Charlie Musselwhite on Ben Harper: "Every Time We Play Is Like Playing for the First Time"


How did this album come about? I know you and Harper have collaborated together over the years, but what was it that finally allowed you to sit down together and record?

It was timing. We've been talking about it for years and years. I've played on some tunes of his, and he's played on some tunes of mine. But we just never has enough time really because we were both just touring all the time. We were too busy. It finally came about that we both had the time off at the same time.

We got into the studio and all that music was like horses just trying to bust out of the corral. It poured out of us it had been pent up so long. It was just a magical session. It was hardly anything more than one or two takes, and no overdubs at all except for the girl singing. It was just ready to happen [laughs], and it happened! It was natural and spontaneous.

Both of you seem to have equal rolls on the record, and you're been around a long time -- longer than Harper. But in many ways you're again the sideman. The titling on the album reads "Ben Harper with Charlie Musselwhite." Yet, your influence in shaping much the album seems vital. Do you think perhaps you're not getting fair recognition here? Or does it even matter?

It never even occurred to me whether I got fair recognition. I feel like I got plenty of recognition -- more than I had coming. It was just such a pleasure to be a part of this event, and then go on the road and tour with Ben and the Relentless 7. What a great band. We all get along so well, there's no ego problems or anything. We have so much fun playing together it comes right off the stage. People feel it too. They can't help but have fun witnessing us having so much fun. [Laughs]

In fact, that's where my next question was heading. I've seen some videos of you guys performing and it really does seem like you're having fun -- even after having performed these songs now for more than a year.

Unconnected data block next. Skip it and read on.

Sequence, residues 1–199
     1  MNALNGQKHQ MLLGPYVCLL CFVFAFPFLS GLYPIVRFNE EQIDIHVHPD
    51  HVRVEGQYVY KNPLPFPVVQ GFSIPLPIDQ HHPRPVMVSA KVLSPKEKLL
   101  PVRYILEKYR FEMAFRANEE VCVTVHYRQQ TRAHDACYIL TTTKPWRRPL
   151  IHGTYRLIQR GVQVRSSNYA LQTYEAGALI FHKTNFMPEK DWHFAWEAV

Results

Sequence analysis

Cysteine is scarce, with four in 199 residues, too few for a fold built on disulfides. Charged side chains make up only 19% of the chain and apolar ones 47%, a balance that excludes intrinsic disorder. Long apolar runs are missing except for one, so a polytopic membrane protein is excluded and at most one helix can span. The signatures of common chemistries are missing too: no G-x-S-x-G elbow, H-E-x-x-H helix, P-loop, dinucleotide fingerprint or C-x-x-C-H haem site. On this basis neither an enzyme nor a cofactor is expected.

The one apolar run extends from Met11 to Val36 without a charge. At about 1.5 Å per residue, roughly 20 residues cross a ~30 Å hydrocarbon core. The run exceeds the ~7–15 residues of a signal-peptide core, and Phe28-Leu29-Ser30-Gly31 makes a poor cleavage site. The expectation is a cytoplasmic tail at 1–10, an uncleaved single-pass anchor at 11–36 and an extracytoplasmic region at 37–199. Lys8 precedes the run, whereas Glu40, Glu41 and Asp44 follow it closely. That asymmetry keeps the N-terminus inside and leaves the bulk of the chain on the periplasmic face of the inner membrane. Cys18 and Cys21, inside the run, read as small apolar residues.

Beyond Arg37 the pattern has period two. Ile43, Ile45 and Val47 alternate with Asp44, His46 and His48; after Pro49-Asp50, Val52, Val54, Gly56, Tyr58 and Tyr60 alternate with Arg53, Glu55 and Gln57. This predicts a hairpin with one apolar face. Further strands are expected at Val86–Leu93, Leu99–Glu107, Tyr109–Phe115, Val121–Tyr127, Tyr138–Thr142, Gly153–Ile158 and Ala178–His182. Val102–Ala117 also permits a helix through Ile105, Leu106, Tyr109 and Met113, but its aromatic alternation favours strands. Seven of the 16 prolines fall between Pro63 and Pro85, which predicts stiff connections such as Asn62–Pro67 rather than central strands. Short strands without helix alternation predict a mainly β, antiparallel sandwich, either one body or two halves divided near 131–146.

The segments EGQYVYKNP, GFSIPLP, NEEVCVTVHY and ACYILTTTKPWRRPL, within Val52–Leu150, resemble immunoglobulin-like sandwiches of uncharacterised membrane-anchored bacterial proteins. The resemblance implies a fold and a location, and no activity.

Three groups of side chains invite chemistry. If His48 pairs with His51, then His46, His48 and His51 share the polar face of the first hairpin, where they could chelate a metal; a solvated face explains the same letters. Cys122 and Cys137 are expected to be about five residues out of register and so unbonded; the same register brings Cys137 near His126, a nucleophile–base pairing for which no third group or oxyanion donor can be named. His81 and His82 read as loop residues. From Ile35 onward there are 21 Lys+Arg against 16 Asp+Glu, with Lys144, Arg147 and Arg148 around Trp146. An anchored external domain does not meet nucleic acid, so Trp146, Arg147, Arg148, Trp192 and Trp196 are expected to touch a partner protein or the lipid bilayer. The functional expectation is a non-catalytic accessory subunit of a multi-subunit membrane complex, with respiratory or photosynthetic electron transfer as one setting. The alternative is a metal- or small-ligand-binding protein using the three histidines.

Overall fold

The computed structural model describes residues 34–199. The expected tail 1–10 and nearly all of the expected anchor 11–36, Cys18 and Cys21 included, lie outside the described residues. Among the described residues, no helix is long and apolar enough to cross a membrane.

Every night, every time we play is like playing for the first time again. There's a lot of improvisation going on. It keeps it really alive. We look forward to it. We can't wait to have fun again -- and the audiences pull right into it as well.

Since you've been together and touring so extensively over the last year, have you also been working on new music together, songs we might hear at the festival?

Oh yeah. There's new tunes. We've been trying out new material. There will be another one (album) coming doing the line. I can't say when we'll get in the studio, but it will happen.

I suppose it won't take as long as the last one.

[Laughs] It won't take as long to get too. But when we recorded (Get Up!) it only took a couple days. Some people spend months in the studio. We play from that point where it's real spontaneous.

And how about for you? You've put out plenty of albums over the years as a bandleader. Do you have anything new going on right now?

I have an album out right now called Juke Joint Chapel (Henrietta, 2012). It was recorded live in Clarksdale, Mississippi at a place called Juke Joint Chapel. It's just with my own band.

Isn't Clarksdale considered the birthplace of the blues? It must have been fun playing there?

I'm very familiar with the area around Clarksdale. Spent a lot of time there as a kid; have relatives in the area. I have cousins there I haven't even met. I have property there now. Some of my earliest memories are of Clarksdale.

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Margaret T. Hance Park

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